TV Review: Have I Got News For You – Election Special, BBC1


I haven’t reviewed Have I Got News For You before but I particularly wanted to review this post-Election edition. Much has been written recently about how TV satire has to compete with the rapidfire responses of Twitter. This week’s edition was recorded this morning instead of the night before to be more topical. So did the satirical stalwart manage to have an original take on a subject that already feels like it has been trawled to death? 

The difficulty is that devising new jokes is becoming harder. Earlier this week there was a complaint on Twitter from comic Jim Tavare who claimed he had heard one of his old gags – about how he had ended up voting for the pizza delivery company who kept stuffing leaflets through his door – used on C4’s Ballot Monkeys. One of the programme’s writers, Pete Sinclair, insisted that they came up with the joke independently.

And this does happen. I know. Earlier today I tweeted the picture of Britain in the latest political party colours next to a picture of Homer Simpson and added the caption “Yellow on top, blue below.” I had a few RTs then about 30 minutes later I saw a similar but clearly older Tweet come up that had had thousands of RTs. I genuinely hadn’t seen it, but deleted my Tweet to avoids accusations of plagiarism.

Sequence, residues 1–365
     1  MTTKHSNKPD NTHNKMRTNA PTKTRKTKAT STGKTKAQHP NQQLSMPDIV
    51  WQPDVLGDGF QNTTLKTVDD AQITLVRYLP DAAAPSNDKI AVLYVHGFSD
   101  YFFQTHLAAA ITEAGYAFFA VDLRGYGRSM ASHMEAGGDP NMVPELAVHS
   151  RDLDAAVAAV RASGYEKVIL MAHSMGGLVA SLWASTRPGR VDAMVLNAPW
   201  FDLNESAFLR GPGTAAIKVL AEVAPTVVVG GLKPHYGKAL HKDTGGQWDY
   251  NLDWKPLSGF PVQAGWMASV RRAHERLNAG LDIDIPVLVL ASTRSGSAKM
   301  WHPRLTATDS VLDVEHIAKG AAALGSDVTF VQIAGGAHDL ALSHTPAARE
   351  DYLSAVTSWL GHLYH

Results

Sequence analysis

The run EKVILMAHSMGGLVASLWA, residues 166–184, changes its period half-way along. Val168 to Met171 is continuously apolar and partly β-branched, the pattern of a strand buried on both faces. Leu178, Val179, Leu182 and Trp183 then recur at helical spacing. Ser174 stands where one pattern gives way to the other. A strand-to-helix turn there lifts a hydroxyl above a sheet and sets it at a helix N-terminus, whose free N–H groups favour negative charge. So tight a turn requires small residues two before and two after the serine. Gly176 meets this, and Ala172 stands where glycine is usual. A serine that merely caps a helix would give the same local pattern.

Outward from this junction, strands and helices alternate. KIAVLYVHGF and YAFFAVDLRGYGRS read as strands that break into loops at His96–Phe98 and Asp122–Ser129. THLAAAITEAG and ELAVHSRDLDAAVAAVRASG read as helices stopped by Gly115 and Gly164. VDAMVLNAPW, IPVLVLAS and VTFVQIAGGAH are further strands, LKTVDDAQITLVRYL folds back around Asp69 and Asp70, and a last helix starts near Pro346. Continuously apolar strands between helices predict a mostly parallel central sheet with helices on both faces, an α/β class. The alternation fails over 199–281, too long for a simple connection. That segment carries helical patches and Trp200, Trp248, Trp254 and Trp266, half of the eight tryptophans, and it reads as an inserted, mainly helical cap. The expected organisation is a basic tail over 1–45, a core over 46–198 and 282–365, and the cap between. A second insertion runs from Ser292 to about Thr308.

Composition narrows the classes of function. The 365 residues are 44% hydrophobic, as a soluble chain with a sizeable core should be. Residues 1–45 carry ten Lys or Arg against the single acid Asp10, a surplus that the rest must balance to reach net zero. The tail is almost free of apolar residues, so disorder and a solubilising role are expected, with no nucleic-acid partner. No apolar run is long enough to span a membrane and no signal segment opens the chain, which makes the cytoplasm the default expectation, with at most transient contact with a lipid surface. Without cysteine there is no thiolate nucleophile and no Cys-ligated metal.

Anyway, how did HIGNFY do in the originality stakes? Guest host Jo Brand's opening round had a few clips I hadn’t seen and one that I’d seen on Facebook of a man falling backwards in pub. Same clip, different gag.

The round-up of election night videos prompted the inevitable gags about Paddy Ashdown threatening to eat his hat. Props to Romesh Ranganathan for being able to string a sentence together after putting in a strong appearance on C4’s late-night coverage with Jeremy Paxman last night.

It was probably the people who chose the topical footage that had the work cut out for them. I hadn’t noticed the BBC caption for ‘Renfrewshite’ South so that was a good spot. Although I had seen the man eating a muffin behind Lucy Powell and I’d also seen the footage of the student whose trousers fell down as he tried to take a photo of Nick Clegg. 

Of course we had Ed and that stone. Ranganathan playfully suggested his brother David may have set up the idea. “It will go from Ed Stone to headstone,” said Jon Snow to a mix of giggles and winces.

There was the now mandatory clip of George Osborne in a hi-viz jacket, though a different one to the one featured on Charlie Brooker’s Election Wipe.

Paul Merton was quite quiet, though he perked up when the panellists were told on-air that Miliband had quit – Merton offered to replace all three leaders. Ian Hislop, meanwhile, was concerned about the excessive Lib-Dem bashing from Brand, who gamely pointed out that she hadn’t written her script.

Jon Snow plugged away and finally hit paydirt with the story that Vincent Cable’s bike had been stolen:  “he’s lost two seats,” the C4 newsreader said and nearly did a lap of honour of the studio when he got a round of applause.

Not a vintage show then. But then it was probably tough for them filming early in the day after a long night. And it can’t be easy coining new gags off-the-cuff when the whole world has got there first. So spare a thought for Rory Bremner – his BBC Election show doesn’t go out until next week…

Fridays, 9.30pm, BBC1.


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